I recently built myself a Tele-style guitar from parts. I used a vintage white Swamp Ash body from Warmoth, the neck from my 10-year-old USA Fender Telecaster and hardware from… well, mostly from eBay actually. I already have a Telecaster with an STR-1 Vintage Rhythm pickup in the neck position and an APTL-3JD Jerry Donahue…
One thing 7-string players continually cite as an attraction to the extended range of the seven is that they can still play everything that they could play on a six-string guitar – as well as getting down into much lower musical territory. And that’s true of tone too: the sounds you get out of your six-string pickups are also available from 7-string versions. Many of our popular models are available in versions for 7-string players, and even if we don’t offer a production 7-string version of a six-string pickup you’ve just gotta have on your seven, the Custom Shop may be able to help!
Previously, I told the story of my rosewood Tele. I love that guitar; it’s so clear and warm and chimey! But, it doesn’t have the boldness, rawness and raunchyness of what I consider to be the ‘real’ Telecaster sound.
Last time I installed the neck of my Telecaster project, but no single piece of hardware was attached. The time has come to take a crack at the tuners. It’s in my opinion that the best way to install the tuners as the first piece of hardware. That way you can loosely fix some (old) strings to the bridge and move it around to get the best spacing possible.
I’m a hardcore Les Paul lover. For years I refused to play anything else but Les Pauls. I tried to get all the tones I wanted from them, but three years ago that started to change. I got myself a hollowbody Les Paul and saw myself using that guitar for ‘hollowbody tones.’ With that guitar as a stepping stone, a small urge developed inside me to get a Strat and a Tele.
Promising to be a definitive documentary about the history and the rise of the electric guitar, “Turn it Up!” gives guitar lovers and fans alike a reminder why guitar players love the instrument so much. Starting with the history of the instrument with Charlie Christian and the Rickenbacker Frying Pan, it then interweaves interviews with famous artists such as Slash, Jerry Cantrell, B.B. King, Robby Krieger, Steve Lukather and more, exploring why the electric guitar was invented but also why it grips guitar players and has defined multiple generations of musicians.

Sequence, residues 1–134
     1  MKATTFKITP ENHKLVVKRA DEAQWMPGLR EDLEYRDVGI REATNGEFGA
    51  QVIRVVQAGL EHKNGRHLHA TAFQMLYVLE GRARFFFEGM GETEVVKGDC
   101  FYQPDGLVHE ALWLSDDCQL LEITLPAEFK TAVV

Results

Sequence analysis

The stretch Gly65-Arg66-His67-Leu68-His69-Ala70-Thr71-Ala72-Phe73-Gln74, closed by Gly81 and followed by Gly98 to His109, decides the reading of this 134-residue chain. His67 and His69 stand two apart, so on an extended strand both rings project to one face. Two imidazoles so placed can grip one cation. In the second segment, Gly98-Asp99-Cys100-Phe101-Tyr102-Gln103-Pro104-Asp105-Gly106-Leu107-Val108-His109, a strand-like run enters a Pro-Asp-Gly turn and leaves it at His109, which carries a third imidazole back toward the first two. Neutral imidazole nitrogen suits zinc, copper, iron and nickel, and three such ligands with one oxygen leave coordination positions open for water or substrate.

There are two types of Telecaster lover. The first insists on vintage twangy purity all the way, and won’t put anything in their Tele other than the pickups Leo intended. The second type demands more from their beloved Tele: more output, more harmonics, more mids and lows, and more of that raunchy attitude that only a hot-rodded Tele can deliver.
Choosing a guitar can be daunting task – not to mention choosing the right set of pickups! The choices are overwhelming. But what if you have an old guitar and want to change pickups but want to retain the old vintage looks? In that case they’re only so little things you can do. You can choose to put the old covers on new pickups, learn to live with the fresh new look of the new pickups, or take a look at Seymour Duncan’s Antiquity Series pickups.
In an effort to make his Telecaster more versatile Leo Fender designed the Stratocaster. A radical double-cut design with a truly unique vibrato bridge and three single coil pickups was what the major changes entailed. The guitar Leo designed is still one of the most popular guitars in the world. The tones are unmistakable ‘Stratocaster,’ and the clear yet warm tones have been embraced by, literally, generations of guitar players. But is that reputation really an earned one, or is the popularity of the Stratocaster nothing but a simple reaction to having nothing else available in the fifties and sixties, with as its penultimate result being embraced by millions of players?
If you’re like me, you love your Strat, but you’re not always in love with the traditional Strat bridge pickup. For many of us, the bridge pickup is the first one to get swapped out when it’s time for an upgrade. Alt rock, hard rock, punk, and metal tend to demand more power, midrange, and low end than a good ol’ vintage-style single coil can pump out.